In Bologna, social care co-operatives account for 85% of care services for children, the elderly, the poor, the disabled and other vulnerable people. These multi-stakeholder co-ops allow vulnerable people to receive affordable care within their community, exceeding state and corporate alternatives in their outcomes – for example, these co-operatives provide superior care at 50% of the cost of state programmes. As these co-operatives receive their incomes from a mixture of sources, this would provide a mark decreased in costs for both the taxpayer and those needing care. The sector is also very stable, benefitting from the resilience of the co-operative ownership structure which means that co-operatives are able to provide long-term, affordable care.
A problem with the UK’s social care sector is extremely poor job satisfaction. The profession is so under-appreciated and under-paid that there is a serious problem caused by a rapid turnover of employees. 27% of staff left the social care sector in 2015/16 and, at any one time, there are more than 80,000 vacancies for social care jobs in England. With co-operatives, this is not the case.
Co-operative ownership Community Home Care Associates is the largest American worker co-operative caring for vulnerable people. It has showed great success at providing greater work satisfaction. Despite the industry being traditionally low-paid with a low satisfaction rate and high employee turnover of around 40-50%, the co-operative has an employee turnover of just 15%.
Granted, this is still fairly high but it stands to reason that carers who both do their work within their community and have a say in how their company is managed – including what their pay will be – will be much more satisfied at work and this should help to stem the rapid loss of workers from the sector and improve standards of care.
Co-operatives potentially provide solutions to the key problems plaguing social care in this country. The question that legislators should be asking is: how can they effectively phase-in co-operatives to improve the sector?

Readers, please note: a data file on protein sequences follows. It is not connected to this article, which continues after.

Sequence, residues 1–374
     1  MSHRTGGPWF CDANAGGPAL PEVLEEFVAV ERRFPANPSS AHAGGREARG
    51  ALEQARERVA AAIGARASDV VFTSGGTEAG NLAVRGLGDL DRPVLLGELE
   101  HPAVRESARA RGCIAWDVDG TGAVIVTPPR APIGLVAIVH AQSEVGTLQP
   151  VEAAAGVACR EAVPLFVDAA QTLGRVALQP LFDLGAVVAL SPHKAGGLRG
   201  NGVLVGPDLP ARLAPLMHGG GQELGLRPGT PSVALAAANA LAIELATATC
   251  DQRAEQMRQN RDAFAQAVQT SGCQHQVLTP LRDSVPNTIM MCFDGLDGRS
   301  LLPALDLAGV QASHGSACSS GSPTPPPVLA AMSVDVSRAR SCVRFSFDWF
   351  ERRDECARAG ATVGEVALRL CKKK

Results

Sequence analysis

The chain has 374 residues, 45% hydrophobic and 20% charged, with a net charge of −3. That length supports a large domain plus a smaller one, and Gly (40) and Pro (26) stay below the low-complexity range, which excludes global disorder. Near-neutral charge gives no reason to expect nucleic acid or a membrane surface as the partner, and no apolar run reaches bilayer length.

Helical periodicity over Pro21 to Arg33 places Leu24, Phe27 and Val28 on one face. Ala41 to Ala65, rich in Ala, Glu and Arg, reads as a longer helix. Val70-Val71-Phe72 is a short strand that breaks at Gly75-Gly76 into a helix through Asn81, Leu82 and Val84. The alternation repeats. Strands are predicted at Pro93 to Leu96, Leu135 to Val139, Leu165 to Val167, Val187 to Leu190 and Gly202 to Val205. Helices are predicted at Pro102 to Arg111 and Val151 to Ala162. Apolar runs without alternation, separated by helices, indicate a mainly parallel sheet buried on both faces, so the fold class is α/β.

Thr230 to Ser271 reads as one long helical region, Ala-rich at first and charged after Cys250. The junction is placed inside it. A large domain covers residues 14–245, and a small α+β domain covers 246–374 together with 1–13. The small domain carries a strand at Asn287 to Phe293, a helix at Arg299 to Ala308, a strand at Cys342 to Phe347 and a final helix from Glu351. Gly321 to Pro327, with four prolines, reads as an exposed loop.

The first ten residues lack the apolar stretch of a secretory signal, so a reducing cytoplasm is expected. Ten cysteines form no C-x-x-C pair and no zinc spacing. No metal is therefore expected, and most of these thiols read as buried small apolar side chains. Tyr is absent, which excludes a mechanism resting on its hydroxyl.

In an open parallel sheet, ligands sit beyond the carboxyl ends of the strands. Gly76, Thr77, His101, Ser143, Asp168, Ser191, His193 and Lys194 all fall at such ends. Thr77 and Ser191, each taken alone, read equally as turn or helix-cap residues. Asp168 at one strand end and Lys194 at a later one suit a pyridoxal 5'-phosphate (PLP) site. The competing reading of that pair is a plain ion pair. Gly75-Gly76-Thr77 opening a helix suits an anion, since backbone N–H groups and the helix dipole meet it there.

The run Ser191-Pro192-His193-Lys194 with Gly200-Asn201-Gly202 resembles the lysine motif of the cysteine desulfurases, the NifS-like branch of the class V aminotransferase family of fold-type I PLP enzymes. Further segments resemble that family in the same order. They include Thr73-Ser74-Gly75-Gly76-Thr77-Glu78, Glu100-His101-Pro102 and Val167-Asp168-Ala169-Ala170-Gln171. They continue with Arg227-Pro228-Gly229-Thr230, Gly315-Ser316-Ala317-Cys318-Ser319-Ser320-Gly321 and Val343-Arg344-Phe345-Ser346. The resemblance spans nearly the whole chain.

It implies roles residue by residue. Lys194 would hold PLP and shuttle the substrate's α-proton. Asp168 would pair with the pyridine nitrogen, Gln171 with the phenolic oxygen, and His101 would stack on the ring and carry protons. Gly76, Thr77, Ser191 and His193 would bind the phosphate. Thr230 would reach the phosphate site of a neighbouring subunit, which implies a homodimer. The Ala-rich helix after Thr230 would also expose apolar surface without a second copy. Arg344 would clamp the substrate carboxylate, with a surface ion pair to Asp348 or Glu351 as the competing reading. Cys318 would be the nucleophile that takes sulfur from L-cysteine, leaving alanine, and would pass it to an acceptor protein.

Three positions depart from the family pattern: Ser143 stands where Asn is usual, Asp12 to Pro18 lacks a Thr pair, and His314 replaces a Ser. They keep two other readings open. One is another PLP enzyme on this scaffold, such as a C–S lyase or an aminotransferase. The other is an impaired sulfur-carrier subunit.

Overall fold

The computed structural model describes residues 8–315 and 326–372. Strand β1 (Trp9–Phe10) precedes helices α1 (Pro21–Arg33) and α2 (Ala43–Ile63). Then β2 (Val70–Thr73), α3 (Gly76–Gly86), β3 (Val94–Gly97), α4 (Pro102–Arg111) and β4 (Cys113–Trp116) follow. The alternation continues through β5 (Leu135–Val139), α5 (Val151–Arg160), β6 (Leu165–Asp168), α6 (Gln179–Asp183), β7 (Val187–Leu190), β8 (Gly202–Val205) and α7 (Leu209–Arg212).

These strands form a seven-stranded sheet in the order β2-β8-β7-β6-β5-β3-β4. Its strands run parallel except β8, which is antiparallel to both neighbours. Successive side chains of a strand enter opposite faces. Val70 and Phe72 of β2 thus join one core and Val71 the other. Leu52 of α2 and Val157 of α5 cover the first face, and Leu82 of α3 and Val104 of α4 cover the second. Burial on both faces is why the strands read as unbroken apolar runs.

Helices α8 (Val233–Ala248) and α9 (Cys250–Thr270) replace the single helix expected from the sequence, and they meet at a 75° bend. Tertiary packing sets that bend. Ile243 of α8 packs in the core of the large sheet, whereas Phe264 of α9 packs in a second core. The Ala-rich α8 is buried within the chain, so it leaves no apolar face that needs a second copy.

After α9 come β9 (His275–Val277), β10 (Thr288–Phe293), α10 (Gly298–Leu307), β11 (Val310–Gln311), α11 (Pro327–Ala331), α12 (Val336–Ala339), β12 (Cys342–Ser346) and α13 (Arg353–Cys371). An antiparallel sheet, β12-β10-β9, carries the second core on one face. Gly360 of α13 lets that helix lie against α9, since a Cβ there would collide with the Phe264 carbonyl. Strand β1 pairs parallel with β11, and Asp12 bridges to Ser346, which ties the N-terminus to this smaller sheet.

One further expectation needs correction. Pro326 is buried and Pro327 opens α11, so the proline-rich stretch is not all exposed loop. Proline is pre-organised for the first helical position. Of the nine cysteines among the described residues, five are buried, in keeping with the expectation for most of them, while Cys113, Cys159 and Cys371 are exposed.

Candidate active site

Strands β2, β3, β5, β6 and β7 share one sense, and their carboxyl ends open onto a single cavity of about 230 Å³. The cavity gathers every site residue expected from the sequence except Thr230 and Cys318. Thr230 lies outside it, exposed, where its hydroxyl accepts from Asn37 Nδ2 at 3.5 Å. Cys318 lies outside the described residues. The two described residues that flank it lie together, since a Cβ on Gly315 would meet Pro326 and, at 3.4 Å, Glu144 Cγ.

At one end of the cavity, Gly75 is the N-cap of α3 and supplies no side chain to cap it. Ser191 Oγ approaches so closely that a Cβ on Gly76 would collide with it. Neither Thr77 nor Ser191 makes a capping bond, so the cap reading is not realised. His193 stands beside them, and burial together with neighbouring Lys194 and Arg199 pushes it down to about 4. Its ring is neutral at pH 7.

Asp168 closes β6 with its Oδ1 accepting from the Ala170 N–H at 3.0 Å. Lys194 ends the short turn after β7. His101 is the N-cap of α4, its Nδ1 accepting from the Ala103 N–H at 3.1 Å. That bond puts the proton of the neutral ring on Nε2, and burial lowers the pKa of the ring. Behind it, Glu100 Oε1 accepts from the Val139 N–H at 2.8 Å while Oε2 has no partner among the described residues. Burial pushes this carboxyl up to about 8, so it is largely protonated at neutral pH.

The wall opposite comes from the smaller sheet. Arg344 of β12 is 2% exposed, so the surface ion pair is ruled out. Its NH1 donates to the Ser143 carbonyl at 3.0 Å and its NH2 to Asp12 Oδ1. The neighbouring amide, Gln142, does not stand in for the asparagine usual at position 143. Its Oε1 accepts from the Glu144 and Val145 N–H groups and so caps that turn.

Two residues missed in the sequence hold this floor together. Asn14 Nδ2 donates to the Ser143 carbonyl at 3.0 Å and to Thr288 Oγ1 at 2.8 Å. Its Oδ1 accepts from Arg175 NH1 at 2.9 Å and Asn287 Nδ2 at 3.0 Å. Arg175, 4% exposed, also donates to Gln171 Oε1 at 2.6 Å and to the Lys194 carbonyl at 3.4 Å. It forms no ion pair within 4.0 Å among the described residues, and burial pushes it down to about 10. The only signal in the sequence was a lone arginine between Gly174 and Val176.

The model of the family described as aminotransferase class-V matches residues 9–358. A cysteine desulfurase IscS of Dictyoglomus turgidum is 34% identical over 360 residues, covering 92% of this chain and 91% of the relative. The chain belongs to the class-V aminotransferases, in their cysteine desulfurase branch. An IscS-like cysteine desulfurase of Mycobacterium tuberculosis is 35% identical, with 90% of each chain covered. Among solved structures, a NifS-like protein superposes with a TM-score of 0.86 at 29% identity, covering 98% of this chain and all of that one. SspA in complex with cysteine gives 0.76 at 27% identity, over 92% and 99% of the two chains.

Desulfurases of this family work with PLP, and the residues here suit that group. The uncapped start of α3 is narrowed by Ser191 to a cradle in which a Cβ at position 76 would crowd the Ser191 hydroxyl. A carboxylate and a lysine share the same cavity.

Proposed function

The Welsh Government has been effective at nurturing the co-operative social care movement with examples such as the Cartrefi Cymru Co-operative, a multi-stakeholder co-operative that provides services to people with learning disabilities and has been successful in generating a turnover of more than £23 million. It should be noted that, due to political differences, social care funding is much higher in Wales than in England but that is not to say that social care co-operatives couldn’t succeed in England.
The political will of Westminster remains vital to creating a legal and economic environment that would allow co-operative organisations to develop and flourish. While they are often viewed as having a left-wing ownership structure, the introduction of social care co-operatives can be forged to attract bi-partisan support in Parliament and across the country.
Before the 2019 General Election, Boris Johnson promised that he would fix the “crisis” of social care in the UK. Social care co-operatives provide one piece of that puzzle.